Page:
in
Development
volume
141
issue
11
pages
9 pages
publisher
Society for International Development
external identifiers
  • scopus:84901447700
ISSN
1477-9129
DOI
10.1242/dev.106377
language
English
LU publication?
no
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a7af6d39-005e-40bc-a3f4-dc03fc7e9388
date added to LUP
2016-11-24 15:09:37
date last changed
2017-10-22 05:22:29
@article{a7af6d39-005e-40bc-a3f4-dc03fc7e9388,
  abstract     = {<p>Generation of neurons from patient fibroblasts using a combination of developmentally defined transcription factors has great potential in disease modelling, as well as ultimately for use in regeneration and repair. However, generation of physiologically mature neurons in vitro remains problematic. Here we demonstrate the cell-cycle-dependent phosphorylation of a key reprogramming transcription factor, Ascl1, on multiple serine-proline sites. This multisite phosphorylation is a crucial regulator of the ability of Ascl1 to drive neuronal differentiation and maturation in vivo in the developing embryo; a phosphomutant form of Ascl1 shows substantially enhanced neuronal induction activity in Xenopus embryos. Mechanistically, we see that this un(der)phosphorylated Ascl1 is resistant to inhibition by both cyclin-dependent kinase activity and Notch signalling, both of which normally limit its neurogenic potential. Ascl1 is a central component of reprogramming transcription factor cocktails to generate neurons from human fibroblasts; the use of phosphomutant Ascl1 in place of the wild-type protein significantly promotes neuronal maturity after human fibroblast reprogramming in vitro. These results demonstrate that cell-cycle-dependent post-translational modification of proneural proteins directly regulates neuronal differentiation in vivo during development, and that this regulatory mechanism can be harnessed to promote maturation of neurons obtained by transdifferentiation of human cells in vitro.</p>},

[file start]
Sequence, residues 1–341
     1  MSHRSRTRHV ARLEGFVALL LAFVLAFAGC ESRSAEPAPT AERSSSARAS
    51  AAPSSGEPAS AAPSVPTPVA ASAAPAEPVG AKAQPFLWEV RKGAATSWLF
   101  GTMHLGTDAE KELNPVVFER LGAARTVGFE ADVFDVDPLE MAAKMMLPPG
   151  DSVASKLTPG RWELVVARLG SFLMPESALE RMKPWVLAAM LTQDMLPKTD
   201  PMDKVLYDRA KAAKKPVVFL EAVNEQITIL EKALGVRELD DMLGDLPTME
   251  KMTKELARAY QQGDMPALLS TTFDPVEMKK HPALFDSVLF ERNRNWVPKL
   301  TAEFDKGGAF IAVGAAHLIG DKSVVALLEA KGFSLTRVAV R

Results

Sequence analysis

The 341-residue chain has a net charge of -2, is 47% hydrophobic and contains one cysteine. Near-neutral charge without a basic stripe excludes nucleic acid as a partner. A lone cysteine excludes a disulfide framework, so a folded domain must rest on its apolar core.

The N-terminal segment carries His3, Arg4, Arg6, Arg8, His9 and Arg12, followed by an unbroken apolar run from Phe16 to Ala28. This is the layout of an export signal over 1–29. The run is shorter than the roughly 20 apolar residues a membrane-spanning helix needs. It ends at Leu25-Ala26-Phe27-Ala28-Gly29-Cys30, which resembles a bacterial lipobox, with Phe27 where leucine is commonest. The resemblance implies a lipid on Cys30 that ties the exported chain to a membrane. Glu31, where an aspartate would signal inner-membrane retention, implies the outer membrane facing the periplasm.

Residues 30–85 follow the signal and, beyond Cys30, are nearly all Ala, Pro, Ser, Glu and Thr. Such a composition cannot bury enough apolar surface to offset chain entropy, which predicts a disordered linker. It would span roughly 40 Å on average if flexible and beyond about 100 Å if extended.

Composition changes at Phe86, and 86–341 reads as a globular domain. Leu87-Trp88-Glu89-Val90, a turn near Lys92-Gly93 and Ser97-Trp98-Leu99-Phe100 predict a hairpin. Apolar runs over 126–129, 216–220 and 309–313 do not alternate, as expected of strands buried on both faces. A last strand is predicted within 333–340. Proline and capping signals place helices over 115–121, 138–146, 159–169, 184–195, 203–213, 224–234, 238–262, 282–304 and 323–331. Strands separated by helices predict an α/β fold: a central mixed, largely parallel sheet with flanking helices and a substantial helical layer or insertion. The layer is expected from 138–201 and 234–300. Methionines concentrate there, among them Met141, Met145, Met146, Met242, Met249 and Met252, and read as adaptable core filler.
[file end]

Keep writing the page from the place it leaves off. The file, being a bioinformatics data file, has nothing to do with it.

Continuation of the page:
author       = {Ali, Fahad R and Cheng, Kevin and Kirwan, Peter and Metcalfe, Su and Livesey, Frederick J and Barker, Roger A and Philpott, Anna},
  issn         = {1477-9129},
  keyword      = {Animals,Basic Helix-Loop-Helix Transcription Factors,Cell Culture Techniques,Cell Cycle,Cell Line,Cell Transdifferentiation,Fibroblasts,Gene Expression Regulation, Developmental,HEK293 Cells,Humans,Nerve Tissue Proteins,Neurogenesis,Neurons,Phosphorylation,Proline,Protein Processing, Post-Translational,Receptors, Notch,Serine,Signal Transduction,Xenopus Proteins,Xenopus laevis,Journal Article,Research Support, Non-U.S. Gov't},
  language     = {eng},
  number       = {11},
  pages        = {24--2216},
  publisher    = {Society for International Development},
  series       = {Development},
  title        = {The phosphorylation status of Ascl1 is a key determinant of neuronal differentiation and maturation in vivo and in vitro},
  url          = {http://dx.doi.org/10.1242/dev.106377},
  volume       = {141},
  year         = {2014},
}